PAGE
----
Ms Jodi McKay: That's me.
Mr ALISTER HENSKENS: That's right, very good. You remember what you says.
The DEPUTY SPEAKER: Order! The member will direct his comments through the Chair.
Mr ALISTER HENSKENS: Who said, "Some people I know think success in their family life is associated with the Liberal Party"?
Ms Jodi McKay: That's Chris.
Mr ALISTER HENSKENS: No, it was not the member for Rockdale, whose brother is in the Liberal Party. In fact, it was his good friend the member for Kogarah.
The DEPUTY SPEAKER: Order! I remind the member for Rockdale that he is on two calls to order.
Mr ALISTER HENSKENS: Who said, "The sad reality for us is that when it comes to public transport we promised and cancelled so many public transport projects in our last term of government that in order to regain credibility about how we will fund these pieces of essential infrastructure we will have to explain how we fund it"? It was the member for Kogarah. I must say that the Labor leadership battle is reflective because the party acknowledges that it has not taken policy issues seriously. It acknowledges that it has been completely hopeless and pathetic. It gives great insight that the Labor Party is entirely fixated on itself and not on the people of New South Wales. Isn't it a shame that things have got ugly with counter allegations? I informed the House about the allegation of $5,000 worth of expenses of the member for Kogarah being paid by Chinese Communist Party interests.
Mr David Harris: Point of order: My point of order relates to Standing Order 73. Whilst these motions are broad, a personal attack on a member of this place must be by way of a substantive motion.
The DEPUTY SPEAKER: The member's time has expired.
Mr ALISTER HENSKENS (Ku-ring-gai) (16:23:16): In reply: There was unfortunately an air of delusion about the member for Keira's contribution to this debate. He extolled the virtues of his own leadership and that of the Hon. Penny Sharpe. However, neither of them is running for leadership. That is a kind of self‑selection that goes without saying. His delusion continued as he spoke about what would happen if I was in the Labor Party. Clearly he is delusional because that would never occur. It was an unfortunate contribution. But the member for Keira did say, "We want to be in government one day."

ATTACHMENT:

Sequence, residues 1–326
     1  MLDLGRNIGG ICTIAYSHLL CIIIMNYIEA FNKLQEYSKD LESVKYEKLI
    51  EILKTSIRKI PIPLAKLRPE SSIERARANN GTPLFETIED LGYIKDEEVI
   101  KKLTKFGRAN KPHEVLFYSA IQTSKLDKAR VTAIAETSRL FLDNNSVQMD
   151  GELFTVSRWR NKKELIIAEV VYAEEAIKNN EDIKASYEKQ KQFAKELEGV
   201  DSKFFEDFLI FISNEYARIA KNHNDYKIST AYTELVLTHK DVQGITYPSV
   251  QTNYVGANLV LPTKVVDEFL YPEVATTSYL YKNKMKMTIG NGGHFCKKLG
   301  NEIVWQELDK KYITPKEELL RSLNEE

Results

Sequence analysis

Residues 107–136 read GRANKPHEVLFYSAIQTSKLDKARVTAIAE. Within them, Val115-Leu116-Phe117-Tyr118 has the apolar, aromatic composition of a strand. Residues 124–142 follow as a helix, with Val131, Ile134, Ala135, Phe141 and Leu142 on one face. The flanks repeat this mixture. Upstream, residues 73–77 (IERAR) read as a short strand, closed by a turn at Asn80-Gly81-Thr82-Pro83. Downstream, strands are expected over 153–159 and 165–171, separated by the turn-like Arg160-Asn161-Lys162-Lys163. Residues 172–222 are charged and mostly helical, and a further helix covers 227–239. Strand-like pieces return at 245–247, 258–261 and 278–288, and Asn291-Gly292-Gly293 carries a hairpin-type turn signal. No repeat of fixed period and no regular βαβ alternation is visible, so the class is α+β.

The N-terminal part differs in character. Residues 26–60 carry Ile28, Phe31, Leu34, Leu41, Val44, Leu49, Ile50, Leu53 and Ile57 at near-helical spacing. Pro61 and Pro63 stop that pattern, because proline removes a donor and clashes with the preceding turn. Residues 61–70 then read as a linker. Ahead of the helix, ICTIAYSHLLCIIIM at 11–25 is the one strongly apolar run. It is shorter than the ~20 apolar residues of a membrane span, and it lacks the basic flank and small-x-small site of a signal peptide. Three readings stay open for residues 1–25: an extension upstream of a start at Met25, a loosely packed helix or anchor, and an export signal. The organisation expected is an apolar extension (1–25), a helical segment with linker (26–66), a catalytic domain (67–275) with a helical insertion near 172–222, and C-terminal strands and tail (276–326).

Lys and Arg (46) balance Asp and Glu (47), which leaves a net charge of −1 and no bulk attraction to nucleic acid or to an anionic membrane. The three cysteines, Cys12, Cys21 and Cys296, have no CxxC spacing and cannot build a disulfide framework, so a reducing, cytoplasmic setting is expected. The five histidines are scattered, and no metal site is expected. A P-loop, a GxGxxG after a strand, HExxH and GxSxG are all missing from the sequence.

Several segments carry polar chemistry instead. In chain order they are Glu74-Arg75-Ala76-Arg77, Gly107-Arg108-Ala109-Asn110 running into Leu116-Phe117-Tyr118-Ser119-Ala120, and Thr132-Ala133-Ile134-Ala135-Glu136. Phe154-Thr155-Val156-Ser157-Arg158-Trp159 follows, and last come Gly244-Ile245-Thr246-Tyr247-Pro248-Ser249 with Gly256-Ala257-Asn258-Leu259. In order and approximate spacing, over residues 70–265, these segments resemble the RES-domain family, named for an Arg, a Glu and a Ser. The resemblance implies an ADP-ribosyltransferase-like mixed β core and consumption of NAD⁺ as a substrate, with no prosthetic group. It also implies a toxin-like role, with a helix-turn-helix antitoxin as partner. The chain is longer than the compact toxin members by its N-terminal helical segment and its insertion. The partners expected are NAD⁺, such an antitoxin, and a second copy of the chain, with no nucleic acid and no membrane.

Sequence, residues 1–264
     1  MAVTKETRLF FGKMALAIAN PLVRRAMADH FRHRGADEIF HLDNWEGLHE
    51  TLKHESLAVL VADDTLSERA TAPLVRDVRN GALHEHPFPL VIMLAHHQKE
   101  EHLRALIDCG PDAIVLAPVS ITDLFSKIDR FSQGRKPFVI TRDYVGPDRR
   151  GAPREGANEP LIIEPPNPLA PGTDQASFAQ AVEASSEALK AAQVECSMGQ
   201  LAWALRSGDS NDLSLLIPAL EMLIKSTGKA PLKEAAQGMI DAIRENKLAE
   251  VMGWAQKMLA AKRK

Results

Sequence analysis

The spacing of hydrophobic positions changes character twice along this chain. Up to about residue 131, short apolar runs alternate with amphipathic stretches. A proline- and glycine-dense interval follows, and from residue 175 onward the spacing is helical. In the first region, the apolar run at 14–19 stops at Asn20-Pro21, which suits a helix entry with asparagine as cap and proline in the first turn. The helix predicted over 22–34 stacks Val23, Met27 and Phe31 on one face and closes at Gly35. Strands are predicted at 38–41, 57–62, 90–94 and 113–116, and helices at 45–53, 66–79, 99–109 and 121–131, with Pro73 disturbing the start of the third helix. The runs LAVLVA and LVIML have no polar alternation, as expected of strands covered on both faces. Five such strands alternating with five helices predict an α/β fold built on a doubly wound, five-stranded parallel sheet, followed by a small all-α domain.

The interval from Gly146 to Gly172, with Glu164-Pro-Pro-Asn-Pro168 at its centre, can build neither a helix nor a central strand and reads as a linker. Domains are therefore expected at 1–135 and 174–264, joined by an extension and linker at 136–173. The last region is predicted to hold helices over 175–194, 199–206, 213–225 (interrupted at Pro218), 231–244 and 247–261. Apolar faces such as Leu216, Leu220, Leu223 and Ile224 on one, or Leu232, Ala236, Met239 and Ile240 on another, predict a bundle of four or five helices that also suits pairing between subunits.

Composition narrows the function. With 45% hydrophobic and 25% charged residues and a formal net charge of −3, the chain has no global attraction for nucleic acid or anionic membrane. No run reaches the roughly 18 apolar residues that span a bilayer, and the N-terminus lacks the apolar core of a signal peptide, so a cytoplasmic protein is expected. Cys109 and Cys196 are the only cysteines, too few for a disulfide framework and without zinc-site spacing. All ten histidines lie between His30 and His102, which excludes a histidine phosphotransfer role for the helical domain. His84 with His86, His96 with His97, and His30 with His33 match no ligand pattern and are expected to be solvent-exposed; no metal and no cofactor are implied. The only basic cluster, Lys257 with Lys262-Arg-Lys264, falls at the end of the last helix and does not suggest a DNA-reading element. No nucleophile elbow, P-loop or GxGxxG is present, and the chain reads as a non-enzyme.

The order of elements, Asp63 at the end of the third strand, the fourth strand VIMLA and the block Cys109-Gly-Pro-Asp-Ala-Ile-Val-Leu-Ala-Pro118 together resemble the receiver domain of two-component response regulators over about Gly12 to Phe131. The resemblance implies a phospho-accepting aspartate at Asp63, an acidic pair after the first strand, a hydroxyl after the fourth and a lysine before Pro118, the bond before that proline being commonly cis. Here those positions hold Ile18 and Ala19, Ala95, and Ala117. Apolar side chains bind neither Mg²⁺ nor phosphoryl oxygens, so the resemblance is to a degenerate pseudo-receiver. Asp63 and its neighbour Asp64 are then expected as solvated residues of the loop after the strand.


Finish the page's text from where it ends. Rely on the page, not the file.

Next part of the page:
The DEPUTY SPEAKER: Order! I call the member for Keira to order for the first time.
Mr ALISTER HENSKENS: His comments immediately reminded me of statements quoted in an article in The Sydney Morning Herald of 15 June entitled "Labor in turmoil as leadership battle between McKay and Minns set to come to a head". The article reported:
A seasoned Labor Party elder says, "I would have thought everyone would want to avoid the schisms we went through after 2007. If everyone is determined to stay in their corner, then Labor will be waiting till the 2030s to return to government."
It was timely for the member for Keira to remind me of those important comments in the context of this debate. The member for Swansea said she was excited by the motion. Really? She needs to get out more. The best she could say about the Labor leadership was to refer to Ross Cameron, a former member of the Liberal Party. The contribution of the member for Riverstone was the most significant in the debate. The member for Riverstone reminded us that this whole Labor leadership battle has disrespected the people of New South Wales in that it did not occur long before this time and that factionalism and Federal interests were put before the people of New South Wales.
The member for Riverstone made the important point that Labor needs a leader who will tell the truth to the people of New South Wales because it has been a long time since a leader with that quality has ever led the Labor Party. As senior figures in the Labor Party have said, it will be the 2030s before Labor is back in government the way that it is going. It is very regrettable how ugly this battle has become—there are allegations against the member for Kogarah, allegations of developer donations against the member for Strathfield. They are leaking in the media and it is all very unfortunate. [Time expired.]
The DEPUTY SPEAKER: The question is that the amendment be agreed to.
The House divided.